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Coronavirus

More exciting news -treatment this time

(11 Posts)
MawB Tue 21-Jul-20 08:41:37

As this is likely to be behind a firewall I have copied it with apologies for the length.

A “GAME-CHANGING” treatment for Covid-19 could reduce the chance of serious illness by 80 per cent, research suggests.

Trials using an inhaled protein, which is commonly used to treat multiple sclerosis, found that patients given it were more than twice as likely to recover during the treatment period, compared with those given a placebo

Stays in hospital were cut by a third, according to the study of Southampton hospital patients

The treatment from biotech firm Synairgen used a protein called interferon beta, which the body produces when it gets a viral infection

Synairgen was started by three professors, Stephen Holgate, Donna Davies and Ratko Djukanovic, who worked together at Southampton University’s School of Medicine.

The firm, which will present its findings to medical regulators within days, expects to be able to deliver “a few 100,000” doses a month by the winter, if the treatment is approved.

Getting approval may take months, but it is possible the drug could get emergency approval, as happened with the drug Remdesivir. Alternatively larger trials may be ordered
The drug, known as SNG001, is inhaled using a nebuliser in order to stimulate an immune response. Richard Marsden, chief executive of the company, said: “We couldn’t have expected much better results than these

The trial found that hospital patients who ended up developing the most severe form of the disease – to the point where they required ventilation or they died – was reduced by 79 per cent during the treatment period of up to 16 days, compared with patients who received the placebo. The average time spent in hospital was cut from nine days to six

Overall, those on the drug were two to three times more likely to recover to the point where they could continue daily activities during the trial.

Three people (six per cent) died after being assigned the placebo, while there were no deaths among those who received the drug, Synairgen said

Tom Wilkinson, a professor of respiratory medicine at Southampton University and trial chief investigator, said the findings showed the drug had huge potential in restoring the lung’s immune response, and speeding recovery from Covid-19

Researchers said the treatment could not only help the lungs’ ability to neutralise the virus, but could also tackle a mutated version, or co-infection with other viruses, such as flu, which may emerge this winter .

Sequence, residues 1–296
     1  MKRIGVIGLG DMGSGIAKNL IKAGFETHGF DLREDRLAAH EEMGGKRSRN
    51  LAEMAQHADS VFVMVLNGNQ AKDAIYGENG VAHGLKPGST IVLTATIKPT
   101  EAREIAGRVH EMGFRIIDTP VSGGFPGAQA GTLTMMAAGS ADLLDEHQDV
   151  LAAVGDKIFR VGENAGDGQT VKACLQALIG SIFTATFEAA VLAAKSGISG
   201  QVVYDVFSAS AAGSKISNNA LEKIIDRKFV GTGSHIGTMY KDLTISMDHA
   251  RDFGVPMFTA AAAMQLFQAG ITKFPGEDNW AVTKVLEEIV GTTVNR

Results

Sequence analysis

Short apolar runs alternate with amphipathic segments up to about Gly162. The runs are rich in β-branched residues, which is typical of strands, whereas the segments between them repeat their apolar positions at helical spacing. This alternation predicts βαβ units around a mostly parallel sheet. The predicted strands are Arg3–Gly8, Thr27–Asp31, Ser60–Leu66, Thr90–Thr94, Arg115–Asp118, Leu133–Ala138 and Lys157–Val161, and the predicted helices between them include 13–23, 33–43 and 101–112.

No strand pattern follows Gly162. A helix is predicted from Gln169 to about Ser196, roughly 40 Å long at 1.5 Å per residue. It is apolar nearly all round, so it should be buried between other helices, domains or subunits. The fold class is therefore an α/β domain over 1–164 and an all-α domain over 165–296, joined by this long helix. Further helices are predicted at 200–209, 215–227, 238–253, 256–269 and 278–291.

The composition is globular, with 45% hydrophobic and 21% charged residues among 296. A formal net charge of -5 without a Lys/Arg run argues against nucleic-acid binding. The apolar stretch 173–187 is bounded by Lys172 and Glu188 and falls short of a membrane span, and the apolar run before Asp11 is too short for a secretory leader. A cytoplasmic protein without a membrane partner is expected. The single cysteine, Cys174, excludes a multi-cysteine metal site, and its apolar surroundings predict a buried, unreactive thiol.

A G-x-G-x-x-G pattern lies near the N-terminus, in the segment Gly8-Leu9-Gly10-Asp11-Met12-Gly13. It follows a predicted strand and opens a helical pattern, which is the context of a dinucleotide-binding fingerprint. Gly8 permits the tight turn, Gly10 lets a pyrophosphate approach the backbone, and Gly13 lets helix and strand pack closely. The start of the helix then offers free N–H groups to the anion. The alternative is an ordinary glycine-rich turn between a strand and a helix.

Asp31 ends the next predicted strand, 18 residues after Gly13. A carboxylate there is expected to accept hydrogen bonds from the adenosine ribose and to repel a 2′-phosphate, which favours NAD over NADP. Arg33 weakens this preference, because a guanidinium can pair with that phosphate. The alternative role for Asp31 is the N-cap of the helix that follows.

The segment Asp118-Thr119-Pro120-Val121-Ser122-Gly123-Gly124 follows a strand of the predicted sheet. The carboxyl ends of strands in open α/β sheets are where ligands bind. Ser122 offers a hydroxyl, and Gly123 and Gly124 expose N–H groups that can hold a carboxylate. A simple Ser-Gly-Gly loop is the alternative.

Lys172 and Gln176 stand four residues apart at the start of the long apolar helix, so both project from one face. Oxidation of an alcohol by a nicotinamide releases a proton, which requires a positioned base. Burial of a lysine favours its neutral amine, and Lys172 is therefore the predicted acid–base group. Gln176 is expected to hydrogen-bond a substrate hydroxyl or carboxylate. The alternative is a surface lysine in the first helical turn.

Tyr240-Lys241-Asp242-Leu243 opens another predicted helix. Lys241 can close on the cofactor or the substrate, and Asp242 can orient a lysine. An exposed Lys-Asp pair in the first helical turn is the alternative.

BlueSky Tue 21-Jul-20 09:38:04

Encouraged news Maw together with the possible vaccine. At the moment like a lot of people, I go from being optimistic to feeling we'll never win it.

Jane10 Tue 21-Jul-20 09:43:20

This is so encouraging. Its also very sad for those families who lost members earlier on to this horrible virus. They must be wondering if they could have benefited and maybe still be here. Life is hard.
Great work researchers. Keep it up.

GagaJo Tue 21-Jul-20 10:07:36

Yes, I read that Maw. Very hopeful for those of us that haven’t had it yet.

Babs758 Tue 21-Jul-20 10:17:55

So good to get some positive news for a change :-)

Ilovecheese Tue 21-Jul-20 10:20:37

This treatment will be available to us all free of charge thanks to our NHS. That is if the Government has not sold it to American insurance companies in the meantime.

Teetime Tue 21-Jul-20 10:36:32

Its really good news - well done NHS the treatment is getting better and better. There is always hope.

EllanVannin Tue 21-Jul-20 11:06:19

I'd said from the beginning that an inhaler ( ventolin ) should have been used to open up the airways of those struggling to breathe rather than invasive ventilation which should only be used as a last resort. I'd like to bet that invasive ventilation has caused one or two deaths as it has its risks and complications.

EllanVannin Tue 21-Jul-20 11:15:00

During training I remember being taught about administering oxygen and how to regulate it in conjunction with a patient's breathing and before computerised ventilators came about many very sick patients did well with non-invasive ventilation and just an oxygen mask.

maddyone Tue 21-Jul-20 11:59:12

Very good news.

Peardrop50 Tue 21-Jul-20 12:04:34

Excellent news, not just for covid-19 but for many other illnesses in the future, a real breakthrough. We can be hopeful.